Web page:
Summary: Sharing the gospel and making an impact.

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The truth is, bad news generally travels faster than good news. Within two hours the whole world knew that President John F. Kennedy had been killed, who killed him, where he was killed and how he was killed.

Today, still more than half the world does not know the good news that Jesus died, where He died, and the purpose of His death. 64 million people die every year that don’t know that Jesus died for them.

Surveys tell us that about 98 percent of the Christians do not regularly introduce others to their Savior. We are going to talk about this today, not to beat you guys up, not to get you down, but to build you up, to encourage you to share your faith. Before we get into our study though, let’s pray.



Last week we saw what great lengths Paul went to so share the gospel, even being humiliated and thrown into prison in order to minister to a bunch of other guys in jail.

By worldly standards, many people would believe that Paul trip to share the gospel in Philippi was a total failure. He didn’t start up some big revival, he led a few notable people to Christ, and it is extremely likely that the church at Philippi was very small when it started out.

Today, we are going to get to see Paul’s perseverance pay off, The mission field in Thessalonica was white unto harvest, and God used Paul to touch the lives of many, many people there.

More important than all this historical stuff though, I want to try and quantify this, to make this real to each one of us, so that we can apply it in our own lives.

By the way, that’s what we are here for, to apply the principles in God’s Word to our lives. If we are just reading this book, and not applying it to our lives, then we are missing out on what God had for us. So, let’s get into our study.

Turn with me to Acts chapter 17, and we are going to look at verses 1 through 15 this morning, as we continue through the book of Acts.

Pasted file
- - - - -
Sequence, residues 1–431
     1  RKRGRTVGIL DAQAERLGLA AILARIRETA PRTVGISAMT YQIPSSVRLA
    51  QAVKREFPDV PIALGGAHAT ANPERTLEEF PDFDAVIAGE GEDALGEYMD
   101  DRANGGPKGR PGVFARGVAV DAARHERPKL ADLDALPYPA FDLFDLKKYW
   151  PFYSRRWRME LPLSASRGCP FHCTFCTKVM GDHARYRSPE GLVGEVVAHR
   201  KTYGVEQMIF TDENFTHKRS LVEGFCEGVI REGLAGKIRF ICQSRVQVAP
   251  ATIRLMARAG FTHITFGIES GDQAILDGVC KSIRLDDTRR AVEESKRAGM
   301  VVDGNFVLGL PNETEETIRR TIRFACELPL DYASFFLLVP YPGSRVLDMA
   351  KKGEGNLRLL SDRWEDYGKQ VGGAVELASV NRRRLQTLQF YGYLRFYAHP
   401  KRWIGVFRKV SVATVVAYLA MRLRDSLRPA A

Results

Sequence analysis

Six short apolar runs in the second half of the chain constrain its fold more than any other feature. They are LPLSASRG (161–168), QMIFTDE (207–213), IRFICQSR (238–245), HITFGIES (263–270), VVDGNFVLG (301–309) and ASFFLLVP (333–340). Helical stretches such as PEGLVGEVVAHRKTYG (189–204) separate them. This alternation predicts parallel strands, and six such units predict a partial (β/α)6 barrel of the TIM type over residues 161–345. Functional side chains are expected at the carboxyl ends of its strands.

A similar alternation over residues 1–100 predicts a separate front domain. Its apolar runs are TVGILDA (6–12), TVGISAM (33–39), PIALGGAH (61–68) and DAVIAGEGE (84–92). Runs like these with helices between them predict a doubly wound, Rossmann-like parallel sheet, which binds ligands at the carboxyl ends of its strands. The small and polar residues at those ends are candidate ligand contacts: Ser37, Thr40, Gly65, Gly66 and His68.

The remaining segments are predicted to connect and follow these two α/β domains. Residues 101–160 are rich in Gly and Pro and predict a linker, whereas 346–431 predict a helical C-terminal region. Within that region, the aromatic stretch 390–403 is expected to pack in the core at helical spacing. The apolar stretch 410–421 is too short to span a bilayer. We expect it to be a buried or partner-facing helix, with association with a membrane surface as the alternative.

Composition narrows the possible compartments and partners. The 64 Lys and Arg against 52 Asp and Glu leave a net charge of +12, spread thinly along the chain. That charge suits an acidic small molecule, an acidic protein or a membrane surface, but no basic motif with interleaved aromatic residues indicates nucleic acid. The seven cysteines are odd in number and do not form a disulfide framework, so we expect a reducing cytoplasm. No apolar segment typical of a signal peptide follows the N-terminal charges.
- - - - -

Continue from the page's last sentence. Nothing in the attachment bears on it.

1 Now when they had passed through Amphipolis and Apollonia, they came to Thessalonica, where there was a synagogue of the Jews. 2 Then Paul, as his custom was, went in to them, and for three Sabbaths reasoned with them from the Scriptures, 3 explaining and demonstrating that the Christ had to suffer and rise again from the dead, and saying, "This Jesus whom I preach to you is the Christ." 4 And some of them were persuaded; and a great multitude of the devout Greeks, and not a few of the leading women, joined Paul and Silas. 5 But the Jews who were not persuaded, becoming envious, took some of the evil men from the marketplace, and gathering a mob, set all the city in an uproar and attacked the house of Jason, and sought to bring them out to the people. 6 But when they did not find them, they dragged Jason and some brethren to the rulers of the city, crying out, "These who have turned the world upside down have come here too. 7 Jason has harbored them, and these are all acting contrary to the decrees of Caesar, saying there is another king--Jesus." 8 And they troubled the crowd and the rulers of the city when they heard these things. 9 So when they had taken security from Jason and the rest, they let them go.

10 Then the brethren immediately sent Paul and Silas away by night to Berea. When they arrived, they went into the synagogue of the Jews. 11 These were more fair-minded than those in Thessalonica, in that they received the word with all readiness, and searched the Scriptures daily to find out whether these things were so. 12 Therefore many of them believed, and also not a few of the Greeks, prominent women as well as men. 13 But when the Jews from Thessalonica learned that the word of God was preached by Paul at Berea, they came there also and stirred up the crowds. 14 Then immediately the brethren sent Paul away, to go to the sea; but both Silas and Timothy remained there. 15 So those who conducted Paul brought him to Athens; and receiving a command for Silas and Timothy to come to him with all speed, they departed.

The first thing that I notice when I read this passage is that Paul is doing a lot of moving around. He has covered a lot of ground this week, moving on from Philippi to Thessalonica, a journey of roughly 200 miles, then he goes on to Berea, and to Athens, the capitol city of ancient Greece.

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